Here in Charlotte, NC, our temps have cooled a bit - enough that we turned off the a/c and opened the windows. 80's during the day, and 70's at night.
This is our 5th season here and the ground has built up from hard red clay, to wonderful black soil full of earthworms and other creatures.
Tomatoes are done for this year, so are the bush and pole beans. Sweet peppers are starting to produce now that we've had some rain, and the melons are setting more fruit. The vines are being attacked by little green caterpillars boring into the stems. I've not had this before. I'm hand destroying (squishing) what I can find, to prevent the caterpillars turning into moth/butterflies.
Looks like we'll have another bumper crop of sweet potatoes early in October, the "Vardeman" vines have a beautiful purple/green color and have spread all over the area where I planted them.
I ordered two bunches of "Candy" onions from Dixondale and this year only one died. Although I've shared with the neighbors, I'm having to freeze a lot of them as they will not store long. This is the first time I've frozen onions. I had to borrow a vegetable chopper from my daughter.
Our fig tree is laden with fruit. I hope they ripen before frost arrives. I don't remember the name of the fig we planted, but it's the same one that's in Fig Newtons.
The persimmon tree has it's first fruits this year. I'm so excited - I love persimmons, and they are so expensive in the store.
Between our two pear trees there were three pears. Don't know what happened to them they just disappeared! I assume the ever present pesky squirrels took them
Blueberry bushes had fruit this year, too, but the birds ate them. Hubby covered the bushes with bird netting, but it entangled a beautiful Eastern King Snake, to I pulled it off. It took some effort, but I carefully cut off the netting and freed the snake. It crawled under our lean-to, so hopefully it will live.
Our spring crop of beets, peas and broccoli all did well. There should be enough in the freezer to last the best part of winter. I'm hoping to get more broccoli set in September.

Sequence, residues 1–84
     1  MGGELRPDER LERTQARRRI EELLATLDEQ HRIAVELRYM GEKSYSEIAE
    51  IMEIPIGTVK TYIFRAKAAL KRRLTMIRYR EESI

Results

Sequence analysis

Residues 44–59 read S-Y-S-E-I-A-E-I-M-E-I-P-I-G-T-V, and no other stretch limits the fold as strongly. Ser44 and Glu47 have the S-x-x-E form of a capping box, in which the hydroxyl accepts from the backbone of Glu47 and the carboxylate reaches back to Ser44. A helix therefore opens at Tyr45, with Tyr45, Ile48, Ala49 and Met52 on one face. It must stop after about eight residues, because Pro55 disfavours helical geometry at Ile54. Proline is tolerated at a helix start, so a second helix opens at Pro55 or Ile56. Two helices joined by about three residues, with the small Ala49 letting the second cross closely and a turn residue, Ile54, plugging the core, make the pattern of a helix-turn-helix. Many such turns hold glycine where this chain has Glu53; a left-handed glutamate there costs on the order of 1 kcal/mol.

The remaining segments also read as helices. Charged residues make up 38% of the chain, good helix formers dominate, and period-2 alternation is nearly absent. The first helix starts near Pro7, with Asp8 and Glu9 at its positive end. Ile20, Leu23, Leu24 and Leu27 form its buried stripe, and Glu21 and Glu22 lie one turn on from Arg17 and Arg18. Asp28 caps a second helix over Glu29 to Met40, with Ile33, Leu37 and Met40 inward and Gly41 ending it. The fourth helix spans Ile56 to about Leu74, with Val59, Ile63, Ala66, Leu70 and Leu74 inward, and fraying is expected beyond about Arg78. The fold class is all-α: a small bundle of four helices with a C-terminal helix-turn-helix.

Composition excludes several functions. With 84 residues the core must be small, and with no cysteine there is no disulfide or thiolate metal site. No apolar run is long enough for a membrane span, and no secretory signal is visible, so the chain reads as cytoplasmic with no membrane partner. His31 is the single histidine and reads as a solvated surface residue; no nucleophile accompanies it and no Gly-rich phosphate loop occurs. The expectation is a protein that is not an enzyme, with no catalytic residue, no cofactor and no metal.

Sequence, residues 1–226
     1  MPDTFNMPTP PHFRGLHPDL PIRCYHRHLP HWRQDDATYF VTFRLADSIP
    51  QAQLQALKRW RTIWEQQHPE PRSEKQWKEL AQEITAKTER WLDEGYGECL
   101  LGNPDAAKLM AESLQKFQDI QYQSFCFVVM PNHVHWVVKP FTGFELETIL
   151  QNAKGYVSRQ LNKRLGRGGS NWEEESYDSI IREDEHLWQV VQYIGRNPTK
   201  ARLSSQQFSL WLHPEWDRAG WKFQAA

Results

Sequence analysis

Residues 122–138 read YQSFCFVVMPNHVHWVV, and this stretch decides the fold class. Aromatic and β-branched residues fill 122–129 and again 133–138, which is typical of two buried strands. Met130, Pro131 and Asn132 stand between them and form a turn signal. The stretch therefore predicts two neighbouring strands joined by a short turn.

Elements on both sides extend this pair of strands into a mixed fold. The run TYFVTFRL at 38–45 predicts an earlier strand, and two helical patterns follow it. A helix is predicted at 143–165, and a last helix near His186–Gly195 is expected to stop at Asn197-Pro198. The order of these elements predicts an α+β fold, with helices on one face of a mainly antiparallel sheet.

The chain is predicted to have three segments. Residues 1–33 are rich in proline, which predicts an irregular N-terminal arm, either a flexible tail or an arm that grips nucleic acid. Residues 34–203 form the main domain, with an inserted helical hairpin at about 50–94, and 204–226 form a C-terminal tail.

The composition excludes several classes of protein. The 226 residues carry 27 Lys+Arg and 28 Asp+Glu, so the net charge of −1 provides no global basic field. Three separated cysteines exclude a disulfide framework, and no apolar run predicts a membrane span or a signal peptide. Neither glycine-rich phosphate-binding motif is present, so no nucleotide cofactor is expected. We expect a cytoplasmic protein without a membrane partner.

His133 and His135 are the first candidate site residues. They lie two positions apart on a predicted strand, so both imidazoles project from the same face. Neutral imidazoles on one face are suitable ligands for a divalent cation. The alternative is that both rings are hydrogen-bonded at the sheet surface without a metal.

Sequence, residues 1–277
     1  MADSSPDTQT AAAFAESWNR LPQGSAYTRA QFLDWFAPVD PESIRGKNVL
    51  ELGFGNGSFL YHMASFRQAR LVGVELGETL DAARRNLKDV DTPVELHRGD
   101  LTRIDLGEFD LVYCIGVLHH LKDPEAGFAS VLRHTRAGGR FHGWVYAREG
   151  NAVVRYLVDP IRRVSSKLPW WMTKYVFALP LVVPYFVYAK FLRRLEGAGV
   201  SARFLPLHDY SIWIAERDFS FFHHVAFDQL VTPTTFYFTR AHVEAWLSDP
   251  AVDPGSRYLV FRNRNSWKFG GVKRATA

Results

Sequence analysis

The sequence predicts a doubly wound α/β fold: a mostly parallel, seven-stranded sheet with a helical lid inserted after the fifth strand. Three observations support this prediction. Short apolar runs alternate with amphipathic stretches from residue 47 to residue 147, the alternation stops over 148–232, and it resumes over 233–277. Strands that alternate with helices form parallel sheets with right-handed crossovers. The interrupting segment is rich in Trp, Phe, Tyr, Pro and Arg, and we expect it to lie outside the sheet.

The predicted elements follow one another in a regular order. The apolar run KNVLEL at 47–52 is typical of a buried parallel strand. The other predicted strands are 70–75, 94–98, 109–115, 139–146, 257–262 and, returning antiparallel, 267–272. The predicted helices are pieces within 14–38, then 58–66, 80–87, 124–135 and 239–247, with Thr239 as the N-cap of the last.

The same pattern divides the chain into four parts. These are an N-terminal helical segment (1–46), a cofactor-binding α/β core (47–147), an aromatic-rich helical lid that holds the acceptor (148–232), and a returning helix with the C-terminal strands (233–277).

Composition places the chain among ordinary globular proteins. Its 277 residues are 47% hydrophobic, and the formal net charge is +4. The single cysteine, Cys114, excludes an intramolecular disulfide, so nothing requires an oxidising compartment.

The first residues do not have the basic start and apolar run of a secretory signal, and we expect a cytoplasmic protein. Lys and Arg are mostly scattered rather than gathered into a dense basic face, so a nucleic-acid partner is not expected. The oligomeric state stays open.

The asparagus has dropped seeds all over the place. It's amusing to see fronds of aspargus growing throughout the sweet potato patch.
I didn't grow as many edamame soybeans this year as there were plenty left in the freezer. I experimented with sowing them here and there around the garden, and they did well, especially where I had transplanted sweet peppers.
Hubby and I are tackling running bamboo! It has invaded one corner of our lot from the woods beyond. What a chore! If you've ever been tempted to plant running bamboo - you will regret it!
Our lot is is bigger than I thought. The edge along the front yard is 75 feet, the sides from the street to the back fence are 140 feet. The back fence itself is 165 feet long. Allowing 1400 sq. ft. for the house, we have a beautiful area for our garden. Once we get the bamboo out of the way, we'll have room for more raised beds.
Honeybee - I missed this garden report! It sounds like you had a wonderful year! Congratulations! Your successes are what I aspire to. I'm sure the pears went to the squirrels like ours did here last year. We actually had some that matured this year, not many as the squirrels started finding them when they were ripe, but now we have a baseline knowledge of how it works.
The melon vine caterpillars sound like they might be pickleworms? That's what got my squashes and the melons. But here they tunnel the fruit.
How cool that you have asparagus - this is on my list for this fall if I can find some that is locally grown.
I think you could be right about the pickleworms. I cleared out the melon bed yesterday, and will be transplanting some broccoli there over the next few days.
We have begun harvesting our sweet potatoes, and there should be plenty of them.
Our fig tree has overwhelmed us with fruit! The figs are small, so I'm planning to add compost around the base of the tree in the hopes they will be larger next year. The squirrels and birds have completely ignored the fig tree.
Persimmons haven't fully ripened yet, I'm hoping they do so before it freezes.
Once the weather cooled down, our California Wondeer sweet peppers really took off. I really need to find sweet peppers that will fully ripen in 75 days or less. The California Wonder make wonderful green peppers, but they take a very long time before they mature completely.
We are still battling bamboo, but have cleared an area large enough to accommodate squash next year. I'm hoping to squeeze in some eggplants, too.
Don't the persimmons have to freeze to be non-astringent? We have a tree leaning over the water that's just loaded this year, but it's hard to gather them because we'd have to use the boat and a long stick!
We've gotten a few ripe figs but they're also small. I wonder whether amending the soil would really make any difference. Have you read up on that?
I can send you some Marconi and some Jimmy Nardellos pepper seeds - both of those turn red early. The JN are faster - they're long thin peppers and fry great. They're also very good just sliced. The walls are thin so they're not so good to roast. The Marconis roast wonderfully - I think they are the sweetest peppers I've ever tasted. Let me know on the seeds.